- Many, but not all, animals have three tissue
layers as they develop embryologically:
endoderm, mesoderm, and ectoderm.
• - Porifera – have no tissue layers
- Cnidarians – have only 2 tissue layers
- All of the more advanced phyla have 3 tissue
layers (are triploblastic)
Porifera: Sponges
• Representatives
Sponges, about 9000
species
• Habitat
Marine and
freshwater, usually in
shallow water,
sensitive to pollution
Porifera
• Symmetry
asymmetrical
• Body Cavity/germ
layers
one central cavity
called the
spongocoel,
no tissues/germ
layers
spongocoel
Porifera
• Skeleton
none, spongin and
structures called
spicules provide
support
Porifera
• Movement – sessile
• Digestion - filter
feeders, water brought
in through ostia (pores)
and circulated in the
spongocoel where
choanocytes digest the
food by phagocytosis
(intracellular digestion)
• Gas Exchange –
diffusion, choanocytes
(flagellated) cells keep
a current of oxygenated
water moving through
the spongocoel
Porifera
• Excretory System
none
• Nervous System
none
• Circulatory System
none
• Reproductive System
Asexually by budding
or fragmentation
Sexually by
producing sperm and
eggs. Many sponges
are hermaphrodites
5 quick facts about Sponges
1. Tops on the menu 4. For more nutrition,
of a Hawk’s bill
a sponge will
turtle
allow
phytoplankton and
2. Shrimp will feed
microbes to take
on internal cells
up
residence
3. Crabs will tear off
5. Everything can
a bit to carry on
regenerate &
their backs
repopulate
Porifera: Terminology
• Spongocoel – body cavity
• Osculum – opening to the spongocoel
• Ostia – pores on the outside of the body through
which water (containing food and oxygen) enters
• Spicules – cells with silica or CaCO3 that gives
the sponge some support
• Choanocytes – flagellated cells that keep water
currents moving through the spongocoel;
capture 80% of food
• Oocytes & Spermatocytes – reproductive cells
Porifera: Terminology
• Amoebocytes or Archaeocytes
(Amoeboid cell on diagram) – capable of
transforming into any other type of cell;
roles in feeding and clearing ostia
• Sclerocytes – cells that secrete spicules
• Pinacocytes – plate like cells that cover
the external side of sponge. Can digest
food particles too large to enter ostia
Porifera: Terminology
• Porocytes – ostia tube-like cells that form
closable inlet valves
• Monoecious – having both male and
female sexual organs
• Dioecious – having either male or female
sexual organs
• Spongin - a scleroprotein that produces
flexible fibers which form “skeletons” of
sponges
Anatomy of some sponges
• Color code the diagram so you can see
the various cells and structures.
• Read and follow the instructions and the
information
Figure 9.7
Ascon(oid)
Sycon(oid)
Leucon(oid)
Asconoid body structure
• Asconoid –
simplest body
structure. Tube or
vase shape.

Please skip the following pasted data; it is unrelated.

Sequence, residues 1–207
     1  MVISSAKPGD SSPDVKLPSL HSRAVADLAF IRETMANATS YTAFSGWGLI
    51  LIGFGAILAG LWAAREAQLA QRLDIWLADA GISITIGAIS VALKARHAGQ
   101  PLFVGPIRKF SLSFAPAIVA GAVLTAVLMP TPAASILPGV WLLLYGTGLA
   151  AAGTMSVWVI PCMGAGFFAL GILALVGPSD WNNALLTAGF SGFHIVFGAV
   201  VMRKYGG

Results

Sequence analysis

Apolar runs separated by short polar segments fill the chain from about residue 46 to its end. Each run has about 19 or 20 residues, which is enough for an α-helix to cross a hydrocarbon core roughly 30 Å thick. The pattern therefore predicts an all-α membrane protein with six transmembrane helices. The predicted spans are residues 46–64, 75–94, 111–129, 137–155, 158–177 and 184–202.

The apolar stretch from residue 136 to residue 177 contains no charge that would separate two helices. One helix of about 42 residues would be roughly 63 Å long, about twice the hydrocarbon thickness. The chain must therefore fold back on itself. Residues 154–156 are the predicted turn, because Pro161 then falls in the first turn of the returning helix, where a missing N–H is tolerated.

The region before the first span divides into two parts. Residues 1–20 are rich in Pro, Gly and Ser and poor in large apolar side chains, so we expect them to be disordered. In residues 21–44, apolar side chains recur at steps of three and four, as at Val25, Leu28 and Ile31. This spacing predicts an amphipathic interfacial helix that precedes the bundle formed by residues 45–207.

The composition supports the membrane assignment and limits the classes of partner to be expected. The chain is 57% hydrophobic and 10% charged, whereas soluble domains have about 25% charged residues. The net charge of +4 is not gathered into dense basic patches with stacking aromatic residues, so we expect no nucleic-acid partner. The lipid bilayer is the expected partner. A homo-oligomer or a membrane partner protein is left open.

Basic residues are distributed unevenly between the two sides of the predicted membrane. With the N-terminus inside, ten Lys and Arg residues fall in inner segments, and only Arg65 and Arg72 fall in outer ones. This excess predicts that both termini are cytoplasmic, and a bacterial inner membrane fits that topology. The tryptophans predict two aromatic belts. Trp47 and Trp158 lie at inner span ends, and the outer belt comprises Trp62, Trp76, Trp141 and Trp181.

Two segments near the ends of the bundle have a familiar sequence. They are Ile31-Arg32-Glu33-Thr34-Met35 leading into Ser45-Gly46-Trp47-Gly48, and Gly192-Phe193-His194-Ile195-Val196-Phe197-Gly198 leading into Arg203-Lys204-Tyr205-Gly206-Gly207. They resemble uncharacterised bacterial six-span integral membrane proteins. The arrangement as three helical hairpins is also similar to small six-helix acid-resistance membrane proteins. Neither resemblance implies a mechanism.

Seldom exceed 1
mm (.5 inch) in
diameter
Pinacocytes
Mesohyl
Choanocytes
Water flow
Syconoid body structure
• Syconoid – variation
on asconoid with
pleats or folds in
body wall. Increase
in number of
choanocytes. Can
grow to a few cm in
diameter
Pinacocytes
Mesohyl
Choanocytes
Water flow
Leuconoid body structure
• Leuconoid – can
grow to over 1 m
(3.3 ft) in diameter.
Fills interior almost
completely with
mesohyl and
greatly increases
number of
choanocytes
Pinacocytes
Mesohyl
Choanocytes
Water flow
Short story
• Write a short story using vocab
terms for sponges. You can be
serious, dramatic, funny,
ridiculous, suspenseful, exciting,
or a thriller. Be creative.
Cnidarians
Cnidaria
• Representatives - Over 10,000 species
Class Hydrozoa – hydra, Obelia, polyp is dominant
Class Schyphozoa – jellyfish, medusa is dominant
Class Anthozoa– sea anemones and corals, only polyp
• Habitat
Mostly marine
Cnidaria
Symmetry
radial
Body Cavity/germ layers
one opening called the
gastrocoel,diploblastic
(i.e. only 2 germ layers),
has a mesoglea but that
isn’t a true germ layer
Polyp
Medusa
Skeleton
none –
supported
by water
Cnidaria
• Movement – Polyp is sessile or
free-floating. Medusa is freefloating or can move by weak
contractions
• Digestion – tentacles grab and
push prey into the gastrocoel
where it is digested
extracellulary. Note that even
though the gastrocoel
functions like stomach, it can’t
be called that because it has
only one opening.
• Gas Exchange – Diffusion, no
specialized organs
Cnidaria
• Excretory System
none
Asexual
Sexual
• Circulatory System
none
• Nervous System
none
• Reproductive
System
Some asexual
reproduction by
budding, some
sexual reproduction
with separate
sexes
Cnidaria: Terminology
• Gastrovascular cavity – central body cavity
• Oral vs. aboral surface – mouth side vs. non-mouth
side
• Polyp vs. Medusa – polyp is sessile with mouth up,
medusa is floating, flattened, with mouth-down
• Basal disc – bottom end of the gastrovascular cavity
• Mouth – opening to the gastrovascular cavity
• Tentacles – structures that capture prey and shove
them into the mouth
• Cnidocytes – capsule cell containing a fine coiled
thread, which, when discharged, functions in
defense and prey capture
• Nematocysts – stinging components of cnidocytes
Compare and
contrast
sponges and
jellies.
Compare and
contrast
Kingdom
Protista and
Kingdom
Animalia.
NEXT WEEK
• Quiz
-- 7 Q over Protozoa, Porifera, Cnidaria
-- 3 Q over Lab Topic 3 (worms)